swell: "Watching other people play sports is like watching other people have sex."

Can't agree on that. One of the joys of watching people play sports is watching them get hurt. It's love of watching violence. That's not part of the thrill of watching people have sex. Sex is participatory. Best, Don Bauder

Sept. 28, 2016

Swell's turgid comments are well-taken.

You forgot to mention over-paid "CEO's" that suck the high-brow arts dry.

The "symphony" embraced atonal stuff and I was apparently the only grey one booing.

The "classics" are classics because they have been popular.

"Classical" equates to class-stratification and other effete snobbery. In spite of Reveles' best efforts to turn it around. The snobs just don't get it.

So now we have a many-coloured flag flying on public property in Hillcrest. That may be part of why "the arts" are so well off here. Well, as well off as they are.

Sept. 28, 2016

Flapper: If memory serves (and it often doesn't) there was a delightful movie called Dr.Strangelove. One of the generals was named "Buck Turgidson."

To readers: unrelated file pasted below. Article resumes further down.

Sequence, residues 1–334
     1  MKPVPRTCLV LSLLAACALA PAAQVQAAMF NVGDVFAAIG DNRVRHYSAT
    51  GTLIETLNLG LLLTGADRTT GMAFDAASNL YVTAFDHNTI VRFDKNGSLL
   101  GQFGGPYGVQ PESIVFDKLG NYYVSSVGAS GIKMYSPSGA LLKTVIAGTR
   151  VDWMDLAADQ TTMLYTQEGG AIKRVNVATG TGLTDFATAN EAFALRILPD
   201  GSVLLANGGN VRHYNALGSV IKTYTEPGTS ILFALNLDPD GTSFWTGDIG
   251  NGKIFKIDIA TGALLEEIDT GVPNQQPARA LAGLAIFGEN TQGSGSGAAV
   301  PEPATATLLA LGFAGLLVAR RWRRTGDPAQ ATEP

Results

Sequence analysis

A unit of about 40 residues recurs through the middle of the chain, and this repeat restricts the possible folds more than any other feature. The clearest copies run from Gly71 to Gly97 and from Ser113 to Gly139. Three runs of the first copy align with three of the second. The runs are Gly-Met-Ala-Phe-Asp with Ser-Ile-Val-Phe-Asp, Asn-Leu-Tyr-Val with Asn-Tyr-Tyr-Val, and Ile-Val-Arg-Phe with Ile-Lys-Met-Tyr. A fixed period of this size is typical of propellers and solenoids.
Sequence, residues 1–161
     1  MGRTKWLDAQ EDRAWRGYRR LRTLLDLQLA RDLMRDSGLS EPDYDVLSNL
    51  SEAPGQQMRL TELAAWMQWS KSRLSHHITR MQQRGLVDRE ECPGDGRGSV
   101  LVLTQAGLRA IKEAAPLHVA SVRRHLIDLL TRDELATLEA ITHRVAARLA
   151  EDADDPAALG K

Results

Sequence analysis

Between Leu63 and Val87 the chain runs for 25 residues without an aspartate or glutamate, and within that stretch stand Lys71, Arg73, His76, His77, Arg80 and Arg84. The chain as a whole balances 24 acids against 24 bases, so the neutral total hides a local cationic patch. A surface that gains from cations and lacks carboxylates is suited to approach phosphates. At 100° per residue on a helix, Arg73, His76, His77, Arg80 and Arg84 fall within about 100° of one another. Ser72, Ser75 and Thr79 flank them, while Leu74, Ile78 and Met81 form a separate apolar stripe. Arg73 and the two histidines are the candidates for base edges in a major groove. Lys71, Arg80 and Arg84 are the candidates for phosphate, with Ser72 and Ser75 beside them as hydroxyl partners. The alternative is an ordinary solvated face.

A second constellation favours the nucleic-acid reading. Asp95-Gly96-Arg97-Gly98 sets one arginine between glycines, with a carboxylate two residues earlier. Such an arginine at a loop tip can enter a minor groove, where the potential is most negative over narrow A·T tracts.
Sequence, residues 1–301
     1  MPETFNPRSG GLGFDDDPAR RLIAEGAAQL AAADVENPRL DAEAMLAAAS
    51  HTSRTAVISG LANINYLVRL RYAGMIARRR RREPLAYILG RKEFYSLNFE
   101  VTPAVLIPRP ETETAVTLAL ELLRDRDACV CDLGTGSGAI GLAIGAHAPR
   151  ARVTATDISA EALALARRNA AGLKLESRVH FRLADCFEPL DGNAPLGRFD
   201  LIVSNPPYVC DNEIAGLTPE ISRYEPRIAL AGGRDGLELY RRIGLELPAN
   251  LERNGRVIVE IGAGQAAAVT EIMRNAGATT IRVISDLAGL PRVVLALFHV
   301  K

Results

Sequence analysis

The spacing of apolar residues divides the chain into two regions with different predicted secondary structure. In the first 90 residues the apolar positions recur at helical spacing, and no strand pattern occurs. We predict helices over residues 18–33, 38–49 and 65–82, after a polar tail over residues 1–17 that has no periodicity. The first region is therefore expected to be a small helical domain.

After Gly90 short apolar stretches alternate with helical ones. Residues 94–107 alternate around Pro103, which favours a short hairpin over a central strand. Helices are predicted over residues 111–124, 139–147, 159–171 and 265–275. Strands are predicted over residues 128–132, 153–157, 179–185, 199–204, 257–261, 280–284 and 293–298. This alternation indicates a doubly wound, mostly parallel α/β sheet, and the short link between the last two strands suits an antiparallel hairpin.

I fear that atonal music will kill classical music some day. Critics invariably measure a symphony's worth by how much atonal music it plays. The audience, wisely, dislikes modern and contemporary music. But the general managers continue to bow to critics. Best, Don Bauder

Sept. 29, 2016

At long last . . . at long last--have you no sense of punny?

Sept. 30, 2016

Flapper: I have no sense of punny but an active sense of puny. Best, Don Bauder

Sept. 30, 2016

That will do, sir!

Sept. 30, 2016

Flapper: I promise -- no more. If you make the same promise, of course. Best, Don Bauder

Oct. 3, 2016

Humpfh!

Oct. 3, 2016

Sodomize the critics.

Sept. 30, 2016

Flapper: I would guess that it happens. Best, Don Bauder

Oct. 3, 2016

I enjoy arts and sports. But as I grow older I read a lot more than I watch TV or attend sporting events. On TV I watch. almost exclusively, PBS. When I was younger I had Chargers season tickets. Now I don't give a damn about them.